4. Just Before Putting It on ROM

Iwata:

Why do you at Grezzo think that of all the games out there The Legend of Zelda: Ocarina of Time was so special?

Ishii:

It is the representative polygon 3D game. I feel like it is a title in which energy and a challenging spirit exploded in a way that said, “This is what can be done!” As a series goes along, rules usually appear. But with The Legend of Zelda: Ocarina of Time, there were no rules to making it.

Iwata:

It is true that the Nintendo 64 version of The Legend of Zelda: Ocarina of Time came along when video games were changing from 2D to 3D. Since the old 2D rules weren’t applicable, everything was made from scratch. Everyone was groping their way forward in the dark, but for some reason there was an odd confidence and faith that they would definitely make it out into the light, and that spirit possessed the whole thing.

Iwata Asks
Ishii:

Something I thought was particularly great with regard to the degree of completion in level design is how the developers didn’t simply make maps, but calculated how it would look to Link standing there. In the early days of polygon 3D, it’s quite a wonder that they would think of that.

Iwata:

Aonuma-san, did you make precise calculations?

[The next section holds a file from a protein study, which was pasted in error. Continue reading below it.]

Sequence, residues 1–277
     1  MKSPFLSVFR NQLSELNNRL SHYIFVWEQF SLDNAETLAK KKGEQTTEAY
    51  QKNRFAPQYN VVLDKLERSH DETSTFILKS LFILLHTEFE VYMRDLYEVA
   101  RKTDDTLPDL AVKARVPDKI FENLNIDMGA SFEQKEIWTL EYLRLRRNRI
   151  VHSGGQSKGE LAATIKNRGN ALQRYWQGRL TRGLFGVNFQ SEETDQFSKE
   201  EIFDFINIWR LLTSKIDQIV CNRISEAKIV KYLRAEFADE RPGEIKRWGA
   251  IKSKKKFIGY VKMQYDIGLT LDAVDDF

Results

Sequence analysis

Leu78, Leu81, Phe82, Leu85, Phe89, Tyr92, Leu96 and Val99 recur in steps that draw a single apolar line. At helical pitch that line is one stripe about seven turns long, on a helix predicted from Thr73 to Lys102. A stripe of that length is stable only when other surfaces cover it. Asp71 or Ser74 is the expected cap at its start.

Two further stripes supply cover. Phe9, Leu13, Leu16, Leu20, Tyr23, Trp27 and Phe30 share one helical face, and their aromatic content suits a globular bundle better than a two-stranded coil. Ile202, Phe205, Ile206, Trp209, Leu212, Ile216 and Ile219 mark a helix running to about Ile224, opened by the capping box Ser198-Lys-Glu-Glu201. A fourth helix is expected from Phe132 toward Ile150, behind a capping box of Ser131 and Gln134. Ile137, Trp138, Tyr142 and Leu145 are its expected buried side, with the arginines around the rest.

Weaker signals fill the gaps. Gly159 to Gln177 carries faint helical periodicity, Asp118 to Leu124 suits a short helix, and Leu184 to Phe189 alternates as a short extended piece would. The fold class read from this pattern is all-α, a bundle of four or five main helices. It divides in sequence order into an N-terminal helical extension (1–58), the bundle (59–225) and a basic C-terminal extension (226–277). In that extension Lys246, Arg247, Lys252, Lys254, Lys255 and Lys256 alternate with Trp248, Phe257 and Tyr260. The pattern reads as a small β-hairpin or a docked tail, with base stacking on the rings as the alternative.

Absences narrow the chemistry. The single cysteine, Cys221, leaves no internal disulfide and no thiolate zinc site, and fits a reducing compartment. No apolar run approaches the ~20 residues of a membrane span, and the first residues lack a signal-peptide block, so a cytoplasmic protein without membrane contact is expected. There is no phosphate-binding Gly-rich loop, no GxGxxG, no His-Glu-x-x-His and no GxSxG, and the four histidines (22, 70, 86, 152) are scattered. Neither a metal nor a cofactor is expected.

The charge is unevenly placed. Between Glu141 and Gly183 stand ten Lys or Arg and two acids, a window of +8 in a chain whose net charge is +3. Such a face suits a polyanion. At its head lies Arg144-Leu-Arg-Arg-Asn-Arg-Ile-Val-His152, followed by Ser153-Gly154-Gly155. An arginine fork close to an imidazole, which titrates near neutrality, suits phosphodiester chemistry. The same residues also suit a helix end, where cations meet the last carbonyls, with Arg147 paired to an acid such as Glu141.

Aonuma:

It would be cool if I could say yes, but... (laughs)

Iwata:

You didn’t make precise calculations, but you did try it over and over again to make it look just right.

Aonuma:

Yes. I couldn’t decide when to call it quits.

Iwata:

Something I heard from the original developers that surprised me was how everyone was happy when the due date got pushed back. Usually, people are exhausted and think, “And so the marathon drags on...” But the team back then was having too much of a good time!

Aonuma:

It was demanding, but fun.

Ishii:

When you talk to creators of a title adored by fans, they usually say, “It was hard, but fun.” That also applies to The Legend of Zelda: Ocarina of Time.

Iwata:

Tonooka-san, what do you think?

Tonooka:

Well, when I received the old program, I thought that all of the creators must have been in high spirits. In the comments box of the source program, someone had written something like, “We got an extension. I’m worried about my bonus. But at least now we can make this.” (laughs)

Iwata:

Huh? Really?!

Tonooka:

Yes. (laughs) And that enthusiasm of the programmers back then inspired us.

Iwata:

It would be hard to hold back after seeing that.

Tonooka: